Let’s see how it works in a practical scenario.
In the following code, we make changes to the foreign key constraint on
pgbench_accounts so that any
DELETE on the parent table (
pgbench_branches) is also
CASCADED to these child tables:
Now suppose we have a requirement to ensure that tellers are not removed from
pgbench_teller if they still hold some balance (if the
tbalance is more than 0). Let’s add a trigger on
pgbench_teller to reject such deletes:
To test if the trigger is working or not, we can delete a branch which has more than a 0 balance. In my dataset generated by pgbench, row with
pgbench_tellers is one such row:
Now let’s delete a row from the parent table –
After this delete, the database is left in an inconsistent state:
Not only does this violate the behavior for the foreign key defined by ANSI, it also makes it hard for the database optimizer to perform optimizations like removing redundant joins. For example, the optimization that we discussed in the previous part of this blog series (part 3), with
pgbench_v_teller view, can’t be applied. Skipping a join with
pgbench_branches would now produces inconsistent results:
If we drop and try to recreate the foreign key constraint, it fails:
Let’s fix the data and add a foreign key:
Effect of the Aurora PostgreSQL parameter
Now use the Amazon Relational Database Service (Amazon RDS) console to change the parameter
ansi_force_foreign_key_checks in the DB cluster parameter group.
Let’s run the delete statement again:
ansi_force_foreign_key_checks is enabled, Aurora PostgreSQL makes sure that the referential integrity constraint is enforced irrespective of trigger context for user-defined triggers. If the triggers attempt to suppress or skip the cascaded
DELETE or cascaded
UPDATE, the original action on the parent table is also rolled back.
If you’re using an application that’s compatible with PostgreSQL and prefer to stick to the default behavior, you can switch this off in the DB cluster parameter group. Although you can’t change this parameter for a specific transaction or session, a change to this parameter is dynamic and doesn’t require a restart of the DB instance.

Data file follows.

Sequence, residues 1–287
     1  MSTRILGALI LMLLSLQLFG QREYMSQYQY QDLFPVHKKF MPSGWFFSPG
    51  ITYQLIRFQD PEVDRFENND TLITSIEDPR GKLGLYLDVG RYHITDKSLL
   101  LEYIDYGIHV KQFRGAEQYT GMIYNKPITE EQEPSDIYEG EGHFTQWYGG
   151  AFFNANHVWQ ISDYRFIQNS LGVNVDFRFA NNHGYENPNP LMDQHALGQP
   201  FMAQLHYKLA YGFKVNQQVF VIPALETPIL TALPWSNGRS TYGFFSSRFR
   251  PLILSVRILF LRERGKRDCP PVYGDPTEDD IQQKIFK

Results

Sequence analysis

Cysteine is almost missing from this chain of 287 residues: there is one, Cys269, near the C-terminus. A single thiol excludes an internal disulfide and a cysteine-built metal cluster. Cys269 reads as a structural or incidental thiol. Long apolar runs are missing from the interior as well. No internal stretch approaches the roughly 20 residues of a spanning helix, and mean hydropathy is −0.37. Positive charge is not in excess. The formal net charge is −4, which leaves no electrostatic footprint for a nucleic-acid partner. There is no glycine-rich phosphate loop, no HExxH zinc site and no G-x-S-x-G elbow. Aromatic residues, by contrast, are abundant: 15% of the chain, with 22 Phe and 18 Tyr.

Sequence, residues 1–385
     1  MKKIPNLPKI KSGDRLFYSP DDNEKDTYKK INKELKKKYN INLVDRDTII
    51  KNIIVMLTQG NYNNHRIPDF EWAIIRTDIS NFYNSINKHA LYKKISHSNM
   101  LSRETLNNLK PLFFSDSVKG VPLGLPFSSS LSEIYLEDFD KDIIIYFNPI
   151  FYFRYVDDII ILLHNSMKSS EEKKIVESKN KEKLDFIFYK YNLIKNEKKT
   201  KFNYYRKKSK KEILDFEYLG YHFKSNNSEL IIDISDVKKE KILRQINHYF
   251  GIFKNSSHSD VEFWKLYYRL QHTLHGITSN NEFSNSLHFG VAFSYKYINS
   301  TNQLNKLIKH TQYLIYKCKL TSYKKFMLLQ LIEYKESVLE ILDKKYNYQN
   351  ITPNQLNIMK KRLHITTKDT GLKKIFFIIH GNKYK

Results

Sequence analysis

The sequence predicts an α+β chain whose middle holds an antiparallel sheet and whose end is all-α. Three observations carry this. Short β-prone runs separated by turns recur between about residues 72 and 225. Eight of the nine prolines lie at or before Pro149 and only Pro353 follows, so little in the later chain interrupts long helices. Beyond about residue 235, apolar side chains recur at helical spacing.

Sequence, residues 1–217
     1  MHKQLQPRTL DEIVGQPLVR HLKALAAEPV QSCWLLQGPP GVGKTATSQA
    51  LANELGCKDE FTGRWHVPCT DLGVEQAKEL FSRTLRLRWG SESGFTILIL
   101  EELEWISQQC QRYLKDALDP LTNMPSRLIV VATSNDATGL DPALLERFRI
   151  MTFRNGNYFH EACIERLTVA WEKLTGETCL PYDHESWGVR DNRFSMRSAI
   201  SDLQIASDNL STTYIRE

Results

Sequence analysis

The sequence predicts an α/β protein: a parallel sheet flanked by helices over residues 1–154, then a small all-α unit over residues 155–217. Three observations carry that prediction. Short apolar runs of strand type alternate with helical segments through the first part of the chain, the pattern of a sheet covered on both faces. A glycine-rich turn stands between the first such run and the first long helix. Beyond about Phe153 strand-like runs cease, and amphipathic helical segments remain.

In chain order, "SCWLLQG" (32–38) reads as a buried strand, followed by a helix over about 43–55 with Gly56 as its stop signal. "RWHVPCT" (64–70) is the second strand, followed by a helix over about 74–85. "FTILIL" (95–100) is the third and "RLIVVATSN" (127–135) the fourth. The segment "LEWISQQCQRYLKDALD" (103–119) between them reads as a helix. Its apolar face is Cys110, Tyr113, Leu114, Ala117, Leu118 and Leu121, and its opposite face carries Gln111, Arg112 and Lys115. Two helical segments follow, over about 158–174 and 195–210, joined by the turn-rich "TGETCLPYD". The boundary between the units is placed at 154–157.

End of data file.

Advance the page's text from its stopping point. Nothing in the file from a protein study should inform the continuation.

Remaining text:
This parameter controls if Aurora PostgreSQL retains PostgreSQL’s default behavior when parsing the column name in the
SET clause of an
UPDATE statement, or if it accepts syntax that’s consistent with what’s allowed by Oracle and SQL Server.
The following is the description in the
The following code is the
UPDATE syntax as per PostgreSQL documentation:
column_name can be specified in the table named by
table_name. The column name can be qualified with a subfield name or array subscript, if needed. Don’t include the table’s name in the specification of a target column. For example,
UPDATE table_name SET table_name.col = 1 is invalid.
PostgreSQL throws an exception if
UPDATE queries have a fully qualified table name or even a column name with a table name prefix in the
As the exception explains, PostgreSQL is expecting
public to be a column and
tbalance to be a subfield. This behavior of PostgreSQL can increase the effort required to port application code when migrating from commercial engines like Oracle and SQL Server.
Effect of the Aurora PostgreSQL parameter
The commercial engines allow both syntaxes and we can set Aurora PostgreSQL to behave the same way by setting
This can be useful when migrating an application from Oracle or SQL Server. It allows
UPDATE statements in your application with Oracle or SQL Server-compatible syntax to work with Aurora PostgreSQL with little or no change.
You can set this parameter in the DB cluster parameter group or at the session level. A change to this parameter doesn’t require a restart of the DB instance.
Aurora PostgreSQL has several levers by way of parameters that allow for ANSI compliance, which helps a great deal if you’re migrating from other engines to Aurora PostgreSQL.
As part of this four part blog series, we covered parameters related to memory and query plan management in part one. In part two, we covered replication, security and logging parameters. Part three and part four, covered detailed explanation of parameters that can be used to modify Aurora PostgreSQL behavior to improve query performance and increase adherence to ANSI standard, which is helpful while migrating applications from other database engines.
AWS continues to iterate on customer feedback and improve Aurora, which offers enterprise-grade features on popular open-source database engines.
About the authors
Sameer Kumar is a Database Specialist Technical Account Manager at Amazon Web Services. He focuses on Amazon RDS, Amazon Aurora and Amazon DocumentDB. He works with enterprise customers providing technical assistance on database operational performance and sharing database best practices.
Gopalakrishnan Subramanian is a Database Specialist solutions architect at Amazon Web Services. He works with our customers to provide guidance and technical assistance on database projects, helping them improving the value of their solutions when using AWS